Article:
What’s interesting about this particular villain this year as I’m watching the show is he’s making a lot of missteps. When he popped a pill while he was driving. It’s almost as if they just left him alone he’ll destroy himself. If Boyd and his crew, Limehouse or Raylan or whoever doesn’t take him out, he’s going to do it himself, just give him time. I like the aspect of self-destructive villain that he’s making mistakes that could get him killed; he doesn’t have as much power and we’ll see what eventually happens with that.
It’s the first time since Boyd got his commandos killed in Season 1 do we see a villain look this frail or vulnerable.
ET: Mm-Hmm. I thought it was brilliant that we see Quarles take these phone calls from his kids, but to put the photograph on his phone. He has that moment where he’s not sure he’s going to succeed at what he wants to do. Maybe this is all happening because the family needs money and this is the only way he knows how to get it. So it’s not just greed for greed’s sake or mean for mean’s sake. There are two kids and a wife that have to be fed, and who need a roof over their head. It’s a different dynamic. In a weird way it mirrors that maternity that Mags had for Loretta. It humanizes the evil; I guess is what I’m trying to say.
Now that we’ve humanized the evil, let’s go the other way. What do we think happened to that guy he tied up on the bed?
ET: You know what, I don’t even know. It’s disturbing, whatever it is. I always come back to it and think, ‘What is happening behind that closed door?’ I can’t remember from reading just the scripts, but I feel like, and I could be just making this up, that we’ll find out. It’s more sinister that we didn’t see it and the writers allowed our imagination to run wild of what that could have been. What speaks to the unpredictability of Quarles is setting up something we’re going to see later. I know reading the scripts, that I didn’t see THAT coming. Some things are premeditated and other things are in the moment.
We can assume that guy tied up was the old owner of that home, right?
ET: I don’t know. I have that question as well. Was he there before or is this someone who made the trip down from Detroit too? Or did Quarles just pick him up on his way into town? I like that it’s vague and honestly I don’t know.
It’s good that you have questions too.
ET: And it could be that I just forgot a detail in the scripts, and I like it when I forget some things because when I watch it on television with the rest of the world then I can go, ‘Oh I forgot about that!’ or I have a real experience as a fan. It’s killing me because I’ve read the scripts but I’m not going to go back, I’m going to wait to see it. [Laughs]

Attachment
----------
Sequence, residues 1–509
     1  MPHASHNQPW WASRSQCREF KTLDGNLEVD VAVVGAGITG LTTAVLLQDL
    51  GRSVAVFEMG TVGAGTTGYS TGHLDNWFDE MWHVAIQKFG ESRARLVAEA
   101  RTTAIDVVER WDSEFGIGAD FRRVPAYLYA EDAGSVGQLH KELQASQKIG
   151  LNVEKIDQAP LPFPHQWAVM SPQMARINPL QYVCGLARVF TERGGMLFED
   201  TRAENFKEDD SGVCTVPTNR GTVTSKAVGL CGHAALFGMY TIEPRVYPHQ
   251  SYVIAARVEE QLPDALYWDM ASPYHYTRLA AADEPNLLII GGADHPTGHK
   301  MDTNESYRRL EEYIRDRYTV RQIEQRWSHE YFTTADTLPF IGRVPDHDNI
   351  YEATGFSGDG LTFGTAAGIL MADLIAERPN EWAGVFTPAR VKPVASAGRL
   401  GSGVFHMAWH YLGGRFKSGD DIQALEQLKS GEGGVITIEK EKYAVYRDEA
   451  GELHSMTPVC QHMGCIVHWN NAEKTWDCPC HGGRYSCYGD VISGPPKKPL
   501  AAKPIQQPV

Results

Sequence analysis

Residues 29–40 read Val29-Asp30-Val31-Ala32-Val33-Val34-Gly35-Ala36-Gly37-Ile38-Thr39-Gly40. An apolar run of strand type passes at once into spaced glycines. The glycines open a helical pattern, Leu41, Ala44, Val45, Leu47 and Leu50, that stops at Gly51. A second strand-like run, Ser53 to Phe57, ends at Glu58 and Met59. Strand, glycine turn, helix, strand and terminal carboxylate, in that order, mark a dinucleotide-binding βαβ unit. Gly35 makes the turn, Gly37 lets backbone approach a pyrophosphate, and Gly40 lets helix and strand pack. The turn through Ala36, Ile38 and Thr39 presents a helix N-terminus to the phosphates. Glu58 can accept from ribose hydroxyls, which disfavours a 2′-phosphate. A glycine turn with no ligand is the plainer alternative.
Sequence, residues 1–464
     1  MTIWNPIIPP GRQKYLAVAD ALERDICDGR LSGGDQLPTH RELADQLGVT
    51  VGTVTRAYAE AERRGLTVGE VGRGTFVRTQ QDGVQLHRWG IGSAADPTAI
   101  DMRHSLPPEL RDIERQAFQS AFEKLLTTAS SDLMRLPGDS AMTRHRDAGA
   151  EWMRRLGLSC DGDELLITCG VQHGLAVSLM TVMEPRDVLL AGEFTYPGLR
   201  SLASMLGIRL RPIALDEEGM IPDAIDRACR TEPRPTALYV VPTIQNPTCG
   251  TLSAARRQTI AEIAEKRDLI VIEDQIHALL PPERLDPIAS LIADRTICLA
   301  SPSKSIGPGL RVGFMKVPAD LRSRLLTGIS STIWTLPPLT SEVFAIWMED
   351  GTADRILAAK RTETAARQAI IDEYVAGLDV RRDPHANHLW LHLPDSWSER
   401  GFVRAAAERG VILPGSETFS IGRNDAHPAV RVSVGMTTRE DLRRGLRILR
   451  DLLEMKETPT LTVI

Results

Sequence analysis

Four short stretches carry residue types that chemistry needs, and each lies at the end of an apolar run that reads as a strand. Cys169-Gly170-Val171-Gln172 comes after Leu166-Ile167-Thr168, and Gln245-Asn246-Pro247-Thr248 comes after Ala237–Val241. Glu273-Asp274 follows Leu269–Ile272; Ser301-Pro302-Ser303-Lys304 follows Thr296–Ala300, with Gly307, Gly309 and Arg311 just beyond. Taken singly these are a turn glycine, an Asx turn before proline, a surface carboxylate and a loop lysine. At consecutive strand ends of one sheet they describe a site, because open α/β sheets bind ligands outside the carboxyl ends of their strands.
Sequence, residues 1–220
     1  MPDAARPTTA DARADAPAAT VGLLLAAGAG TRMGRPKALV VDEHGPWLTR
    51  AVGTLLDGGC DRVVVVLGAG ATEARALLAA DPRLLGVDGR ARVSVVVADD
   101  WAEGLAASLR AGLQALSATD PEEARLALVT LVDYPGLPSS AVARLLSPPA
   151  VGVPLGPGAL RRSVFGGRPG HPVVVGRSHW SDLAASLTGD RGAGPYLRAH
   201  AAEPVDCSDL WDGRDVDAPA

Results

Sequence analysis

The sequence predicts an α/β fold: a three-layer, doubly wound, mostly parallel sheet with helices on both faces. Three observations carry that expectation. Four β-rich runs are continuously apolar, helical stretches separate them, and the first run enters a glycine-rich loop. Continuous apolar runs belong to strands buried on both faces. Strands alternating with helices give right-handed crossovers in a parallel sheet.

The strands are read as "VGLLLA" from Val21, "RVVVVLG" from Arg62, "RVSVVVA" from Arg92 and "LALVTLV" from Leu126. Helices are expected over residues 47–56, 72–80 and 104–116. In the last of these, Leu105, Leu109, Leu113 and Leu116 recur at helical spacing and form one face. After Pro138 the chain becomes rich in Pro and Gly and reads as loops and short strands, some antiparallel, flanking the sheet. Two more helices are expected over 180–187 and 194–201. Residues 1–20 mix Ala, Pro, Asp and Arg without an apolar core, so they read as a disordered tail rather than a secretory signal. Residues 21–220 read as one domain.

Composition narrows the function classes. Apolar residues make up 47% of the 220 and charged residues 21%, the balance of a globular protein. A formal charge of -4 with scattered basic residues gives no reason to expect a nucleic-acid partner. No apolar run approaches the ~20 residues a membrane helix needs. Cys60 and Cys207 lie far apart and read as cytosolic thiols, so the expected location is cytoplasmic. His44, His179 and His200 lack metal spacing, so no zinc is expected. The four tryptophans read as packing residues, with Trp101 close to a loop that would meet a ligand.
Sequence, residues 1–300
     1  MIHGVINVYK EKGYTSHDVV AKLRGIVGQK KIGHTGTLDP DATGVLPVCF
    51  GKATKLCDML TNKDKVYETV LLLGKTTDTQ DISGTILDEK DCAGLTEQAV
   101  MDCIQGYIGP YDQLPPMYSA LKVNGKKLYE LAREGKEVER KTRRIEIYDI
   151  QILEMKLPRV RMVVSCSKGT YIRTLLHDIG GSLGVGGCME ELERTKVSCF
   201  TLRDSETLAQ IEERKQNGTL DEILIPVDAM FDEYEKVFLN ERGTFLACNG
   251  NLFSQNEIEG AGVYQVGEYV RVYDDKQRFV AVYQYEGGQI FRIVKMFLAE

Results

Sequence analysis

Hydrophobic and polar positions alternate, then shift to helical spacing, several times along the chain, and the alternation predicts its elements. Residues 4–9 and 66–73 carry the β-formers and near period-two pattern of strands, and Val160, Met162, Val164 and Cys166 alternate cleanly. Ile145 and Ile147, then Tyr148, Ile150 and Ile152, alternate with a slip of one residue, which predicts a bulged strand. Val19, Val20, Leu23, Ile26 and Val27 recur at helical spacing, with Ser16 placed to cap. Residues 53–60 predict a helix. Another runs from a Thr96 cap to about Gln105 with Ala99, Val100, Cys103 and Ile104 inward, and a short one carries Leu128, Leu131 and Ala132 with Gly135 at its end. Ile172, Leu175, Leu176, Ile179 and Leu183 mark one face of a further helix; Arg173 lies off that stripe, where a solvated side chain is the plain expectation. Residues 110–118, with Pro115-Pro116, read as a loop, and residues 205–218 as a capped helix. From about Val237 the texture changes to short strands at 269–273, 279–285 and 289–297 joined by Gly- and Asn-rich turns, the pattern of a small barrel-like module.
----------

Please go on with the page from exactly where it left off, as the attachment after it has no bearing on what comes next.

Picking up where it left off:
It’s a rare moment in television where you turn to who you’re watching with and say, ‘What the hell are we watching?!’
ET: Or when the door closes and what are those noises coming from that room? It’s very disturbing. [Laughs]
Editor’s Note: This interview took place prior to episode 309, and we have since gotten a more insidious idea of what happened to that poor sap tied up because of what Quarles did at the end of episode 310 “Guy Walks Into A Bar.”
Let’s get some BBQ and visit Noble’s Holler. The introduction of Limehouse was a fascinating entrance. As viewers we tend to hold our breath whenever minorities show up (to use Limehouse’s words) where white supremacy is rampant. What’s your take on Mykelti Williamson’s entrance and how he complicates the fabric of Season 3?
ET: I was over the moon about the introduction of the character and the community. I had read about this community and a couple of other pockets that are similar with different backgrounds, obviously, in that part of the world. I was super-thrilled that they decided to incorporate that community. Limehouse is this great figure. He’s not what you expect and he’s certainly not what I expected if you know the history of Noble’s Holler. In Boyd and Limehouse, two people that historically would never work together or be in cahoots about anything, try to figure out how to deal with this carpetbagger, Quarles. It’s nice to see those characters work through their issues about each other to accomplish the common goal, which is to clean up the town and get this guy out of there. There’s a loyalty to the community at large as opposed to a loyalty just to our own individual communities. I like that very much. I like seeing those actors and characters consciously work through the challenge of that, to obtain the bigger goal to get that guy out of there.
There’s this added detail of Noble’s Holler where it houses these abused white women from their husbands. They can seek refuge and Limehouse uses that by employing them as spies. It just fleshes out that world even more.
ET: Exactly. And it also informs us of how deeply protected those women must have felt to go back to their communities and kind of… betray the community in many ways, to give him information that he needs to proceed for whatever intentions and goals he’s set out.
Seeing Limehouse work both sides was a comfort because this character has never devolved into a one-dimensional element, a pure racial element or black-white conflict.